8

Note: Question although says vice versa but it really does not have any meaning since both of them point to the same inode and its not possible to say which is head and which is tail.

Say I have a file hlh.txt

[root@FREL ~]# fallocate -l 100 hlh.txt

Now if I see the change time for hlh.txt

[root@FREL ~]# stat hlh.txt
  File: hlh.txt
  Size: 100             Blocks: 8          IO Block: 4096   regular file
Device: fc00h/64512d    Inode: 994         Links: 1
Access: (0644/-rw-r--r--)  Uid: (    0/    root)   Gid: (    0/    root)
Context: unconfined_u:object_r:admin_home_t:s0
Access: 2023-01-11 01:43:05.469703330 -0500
Modify: 2023-01-11 01:43:05.469703330 -0500
Change: 2023-01-11 01:43:05.469703330 -0500
 Birth: 2023-01-11 01:43:05.469703330 -0500

Creating hard link

[root@FREL ~]# ln hlh.txt hlt.txt

Since both hlh.txt and hlt.txt points to same inode, so change time would be the ctime of the hard link tail file which is understood.

[root@FREL ~]# stat hlt.txt
  File: hlt.txt
  Size: 100             Blocks: 8          IO Block: 4096   regular file
Device: fc00h/64512d    Inode: 994         Links: 2
Access: (0644/-rw-r--r--)  Uid: (    0/    root)   Gid: (    0/    root)
Context: unconfined_u:object_r:admin_home_t:s0
Access: 2023-01-11 01:43:05.469703330 -0500
Modify: 2023-01-11 01:43:05.469703330 -0500
Change: 2023-01-11 01:44:05.316842644 -0500
 Birth: 2023-01-11 01:43:05.469703330 -0500

But if I unlink the head file, that changes ctime of the file as well. Why? I mean all we did is delete the head, what significance does change time have here internally. Why does it need to be change?

[root@FREL ~]# unlink hlh.txt
[root@FREL ~]#
[root@FREL ~]# stat hlt.txt
  File: hlt.txt
  Size: 100             Blocks: 8          IO Block: 4096   regular file
Device: fc00h/64512d    Inode: 994         Links: 1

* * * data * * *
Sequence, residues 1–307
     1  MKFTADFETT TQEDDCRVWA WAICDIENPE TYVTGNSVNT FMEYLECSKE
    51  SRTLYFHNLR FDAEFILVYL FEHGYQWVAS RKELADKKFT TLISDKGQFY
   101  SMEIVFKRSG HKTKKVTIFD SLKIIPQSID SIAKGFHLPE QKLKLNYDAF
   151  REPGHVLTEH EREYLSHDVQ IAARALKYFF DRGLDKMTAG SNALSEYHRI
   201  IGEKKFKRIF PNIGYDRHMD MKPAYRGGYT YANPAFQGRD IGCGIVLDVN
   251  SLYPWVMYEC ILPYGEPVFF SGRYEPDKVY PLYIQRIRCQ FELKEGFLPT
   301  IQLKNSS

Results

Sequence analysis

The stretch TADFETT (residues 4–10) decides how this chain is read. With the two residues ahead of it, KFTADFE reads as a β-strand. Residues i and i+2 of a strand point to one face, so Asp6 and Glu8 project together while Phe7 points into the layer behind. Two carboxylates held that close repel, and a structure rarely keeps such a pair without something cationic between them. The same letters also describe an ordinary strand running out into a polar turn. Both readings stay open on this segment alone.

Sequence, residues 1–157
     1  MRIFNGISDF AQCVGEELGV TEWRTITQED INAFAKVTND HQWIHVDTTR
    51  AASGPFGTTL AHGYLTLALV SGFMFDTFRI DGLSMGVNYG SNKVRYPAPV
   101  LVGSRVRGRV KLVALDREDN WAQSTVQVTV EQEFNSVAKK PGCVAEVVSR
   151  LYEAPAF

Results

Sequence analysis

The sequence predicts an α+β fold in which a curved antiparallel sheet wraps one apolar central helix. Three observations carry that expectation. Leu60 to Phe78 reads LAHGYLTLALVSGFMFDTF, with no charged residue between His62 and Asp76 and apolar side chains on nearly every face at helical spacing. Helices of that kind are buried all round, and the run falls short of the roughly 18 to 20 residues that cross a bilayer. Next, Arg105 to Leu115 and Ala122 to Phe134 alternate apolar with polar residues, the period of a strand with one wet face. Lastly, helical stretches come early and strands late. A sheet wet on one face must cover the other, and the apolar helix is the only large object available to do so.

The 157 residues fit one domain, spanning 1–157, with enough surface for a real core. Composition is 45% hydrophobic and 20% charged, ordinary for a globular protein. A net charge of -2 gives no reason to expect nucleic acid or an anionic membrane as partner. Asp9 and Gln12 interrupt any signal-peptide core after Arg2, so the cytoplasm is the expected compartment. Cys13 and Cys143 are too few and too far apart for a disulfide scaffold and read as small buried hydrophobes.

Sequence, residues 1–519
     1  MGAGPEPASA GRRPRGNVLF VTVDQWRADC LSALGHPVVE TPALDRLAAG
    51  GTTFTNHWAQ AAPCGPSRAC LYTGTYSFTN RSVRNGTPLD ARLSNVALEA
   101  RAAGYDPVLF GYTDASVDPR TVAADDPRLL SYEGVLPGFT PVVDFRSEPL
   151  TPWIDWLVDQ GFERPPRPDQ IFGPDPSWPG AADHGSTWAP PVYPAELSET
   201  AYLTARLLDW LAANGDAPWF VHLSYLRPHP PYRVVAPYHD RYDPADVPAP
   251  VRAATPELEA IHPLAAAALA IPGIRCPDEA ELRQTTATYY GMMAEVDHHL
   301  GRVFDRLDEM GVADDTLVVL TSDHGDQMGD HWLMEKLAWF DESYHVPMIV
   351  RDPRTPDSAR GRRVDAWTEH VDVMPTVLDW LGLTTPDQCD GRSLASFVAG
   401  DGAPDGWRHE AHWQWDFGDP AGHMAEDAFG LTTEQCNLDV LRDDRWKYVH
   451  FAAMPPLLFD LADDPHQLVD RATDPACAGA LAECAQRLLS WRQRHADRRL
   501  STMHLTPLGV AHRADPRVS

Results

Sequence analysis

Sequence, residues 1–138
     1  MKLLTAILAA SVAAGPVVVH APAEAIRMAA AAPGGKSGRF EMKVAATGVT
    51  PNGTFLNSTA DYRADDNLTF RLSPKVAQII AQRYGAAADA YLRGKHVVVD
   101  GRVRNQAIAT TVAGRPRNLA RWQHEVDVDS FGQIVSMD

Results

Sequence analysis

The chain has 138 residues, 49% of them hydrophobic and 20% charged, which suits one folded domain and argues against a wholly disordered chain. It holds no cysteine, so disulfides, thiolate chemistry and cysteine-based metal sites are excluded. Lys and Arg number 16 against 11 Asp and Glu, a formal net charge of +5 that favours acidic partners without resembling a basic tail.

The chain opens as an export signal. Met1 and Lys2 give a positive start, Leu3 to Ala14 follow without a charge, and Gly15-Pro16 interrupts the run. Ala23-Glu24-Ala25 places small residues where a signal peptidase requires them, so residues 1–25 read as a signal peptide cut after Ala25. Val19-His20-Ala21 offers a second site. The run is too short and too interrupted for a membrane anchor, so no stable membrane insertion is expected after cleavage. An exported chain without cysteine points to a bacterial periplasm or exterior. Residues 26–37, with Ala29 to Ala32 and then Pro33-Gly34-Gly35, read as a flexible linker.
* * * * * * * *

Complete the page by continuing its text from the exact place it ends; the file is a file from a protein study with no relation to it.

Access: (0644/-rw-r--r--)  Uid: (    0/    root)   Gid: (    0/    root)
Context: unconfined_u:object_r:admin_home_t:s0
Access: 2023-01-11 01:43:05.469703330 -0500
Modify: 2023-01-11 01:43:05.469703330 -0500
Change: 2023-01-11 01:47:49.588364704 -0500
 Birth: 2023-01-11 01:43:05.469703330 -0500
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  • 4
    I guess "number of links" is part of the status of a file and thus changes in that number are deemed to warrant a change in ctime
    – Bakuriu
    Jan 11, 2023 at 16:49

1 Answer 1

13

This is a requirement on the unlink() library function by POSIX:

Upon successful completion, unlink() shall mark for update the last data modification and last file status change timestamps of the parent directory. Also, if the file's link count is not 0, the last file status change timestamp of the file shall be marked for update.

The standard document does not expand on this requirement. Since the link count is decreased by one, I'm assuming the ctime timestamp (the "last file status change timestamp") is updated to reflect the fact that the file's status changed.

1
  • 4
    Your assumption is almost certainly correct. The link count is part of the data returned by stat(), and as a general rule, if any of that data other than the timestamps changes, the ctime is supposed to change as well. Jan 11, 2023 at 20:28

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